In the news – Dementia, Drugs, and Dolphins
Scientists in Scotland are investigating a potential prevention strategy for Alzheimer’s using light to stimulate brainwaves. The £50,000 research project in Strathclyde, Scotland, is part of £600,000 worth of new funding by Alzheimer’s Research UK in the country announced recently. The story was covered by the BBC. Read the full story on this fascinating project that you’re funding.
Researchers found that dementia risk was lower in people taking blood-thinning drugs. Scientists studying the number of new dementia cases in people with an abnormal heart rhythm found that treatment with oral anticoagulant drugs reduces the risk of dementia.
The story was widely reported in the papers, including the Times with a comment from our Director of Research Dr Carol Routledge in the Guardian, the Daily Mail and the Express. Read our full reaction here.
Dolphin’s might show signs of amyloid plaques and tau tangles. The story was reported by the Times with a quote from Alzheimer’s Research UK’s Dr Laura Phipps.
“Alzheimer’s has previously been thought as a uniquely human disease, but this new research suggests that dolphins show two hallmark brain-changes that define Alzheimer’s disease in people. We don’t know whether dolphins with these changes also show symptoms equivalent to those of people with Alzheimer’s disease.”
Read more about this fascinating study here.
Dementia health services need to improve and be prepared for new treatments according to Dr Matt Norton, our Director of Policy, who was featured in the Daily Express and the Sunday Post following a report co-authored by dementia experts. The report showed one of the best hopes for preventing dementia is a ‘stepped approach’, you can read it here.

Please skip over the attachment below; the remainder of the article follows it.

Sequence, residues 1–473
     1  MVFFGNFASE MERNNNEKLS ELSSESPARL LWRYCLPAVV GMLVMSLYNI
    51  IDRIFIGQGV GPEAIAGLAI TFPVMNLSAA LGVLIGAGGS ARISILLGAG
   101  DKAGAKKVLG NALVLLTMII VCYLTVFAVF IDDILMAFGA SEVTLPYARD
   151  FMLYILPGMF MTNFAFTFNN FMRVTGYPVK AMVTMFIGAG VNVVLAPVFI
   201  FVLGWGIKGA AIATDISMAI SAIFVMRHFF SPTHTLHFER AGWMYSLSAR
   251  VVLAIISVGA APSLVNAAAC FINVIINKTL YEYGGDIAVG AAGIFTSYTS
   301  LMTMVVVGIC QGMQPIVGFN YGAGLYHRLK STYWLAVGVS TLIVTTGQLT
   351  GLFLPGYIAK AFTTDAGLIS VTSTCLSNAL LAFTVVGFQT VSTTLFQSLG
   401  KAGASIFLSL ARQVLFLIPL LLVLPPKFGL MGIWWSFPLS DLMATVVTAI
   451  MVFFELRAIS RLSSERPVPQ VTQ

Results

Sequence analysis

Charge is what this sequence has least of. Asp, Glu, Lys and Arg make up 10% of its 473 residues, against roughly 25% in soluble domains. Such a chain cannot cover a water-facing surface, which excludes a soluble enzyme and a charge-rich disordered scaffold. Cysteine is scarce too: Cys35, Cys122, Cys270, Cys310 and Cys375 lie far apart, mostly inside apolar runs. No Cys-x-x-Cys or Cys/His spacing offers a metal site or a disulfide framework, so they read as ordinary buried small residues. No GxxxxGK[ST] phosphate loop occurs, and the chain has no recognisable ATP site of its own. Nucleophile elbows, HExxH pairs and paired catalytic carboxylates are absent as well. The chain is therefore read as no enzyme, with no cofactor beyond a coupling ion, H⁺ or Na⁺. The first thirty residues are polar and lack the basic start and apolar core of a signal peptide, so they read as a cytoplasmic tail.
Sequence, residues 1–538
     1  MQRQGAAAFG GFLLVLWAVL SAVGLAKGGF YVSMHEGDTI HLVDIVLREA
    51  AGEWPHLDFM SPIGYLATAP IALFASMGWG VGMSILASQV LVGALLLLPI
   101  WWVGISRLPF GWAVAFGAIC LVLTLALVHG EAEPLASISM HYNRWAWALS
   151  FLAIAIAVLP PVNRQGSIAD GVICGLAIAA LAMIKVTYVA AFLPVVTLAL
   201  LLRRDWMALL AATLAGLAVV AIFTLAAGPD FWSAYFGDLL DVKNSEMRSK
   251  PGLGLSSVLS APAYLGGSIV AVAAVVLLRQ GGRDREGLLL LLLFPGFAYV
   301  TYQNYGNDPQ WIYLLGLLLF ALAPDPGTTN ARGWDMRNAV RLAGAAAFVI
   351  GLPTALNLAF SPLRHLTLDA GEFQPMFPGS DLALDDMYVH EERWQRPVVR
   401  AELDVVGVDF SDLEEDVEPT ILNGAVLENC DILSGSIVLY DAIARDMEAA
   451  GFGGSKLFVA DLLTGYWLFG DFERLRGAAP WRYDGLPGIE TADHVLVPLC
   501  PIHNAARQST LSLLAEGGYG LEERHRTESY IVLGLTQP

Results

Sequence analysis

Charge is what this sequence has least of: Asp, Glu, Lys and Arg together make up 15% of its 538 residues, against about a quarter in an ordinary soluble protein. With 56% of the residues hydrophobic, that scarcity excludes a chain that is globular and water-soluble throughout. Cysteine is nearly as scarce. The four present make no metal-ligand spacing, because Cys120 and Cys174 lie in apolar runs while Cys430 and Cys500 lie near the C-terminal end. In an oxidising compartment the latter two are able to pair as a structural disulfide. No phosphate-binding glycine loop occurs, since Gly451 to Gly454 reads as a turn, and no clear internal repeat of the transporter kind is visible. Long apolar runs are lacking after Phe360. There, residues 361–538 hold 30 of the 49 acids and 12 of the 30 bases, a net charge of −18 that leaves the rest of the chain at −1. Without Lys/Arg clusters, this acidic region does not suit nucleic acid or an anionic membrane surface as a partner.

Reading tests found subtle changes in language processing in the brains of people with mild cognitive impairment (MCI) who go on to develop Alzheimer’s disease. Results suggest that a reading test could identify those at risk of developing the disease. Dr Rosa Sancho, our Head of Research told the Daily Express:
“Further larger studies would be needed to see whether such tests were sensitive enough to add benefits on top of current diagnostic methods in future.”
You can read the full story on our website here.
We have translated our pocket-sized quick guide to dementia booklets into seven languages; Arabic, Bengali, Gujarati, Polish, Punjabi, Urdu and Welsh. Get yours now via the ‘info about dementia‘ tab of our website. Find out more about our new booklets and what dementia means for ethnic minorities in the UK by reading our latest blog.
Last, but by no means least:
Alzheimer’s Research UK champion Harry Gardner has just re-released his single ‘Not alone’ with all profits being generously donated to Alzheimer’s Research UK. He reached number 2 on the iTunes singer songwriter chart. See what Harry said by reading our news story here. Want to help him fight back against dementia? Get your copy of the single here.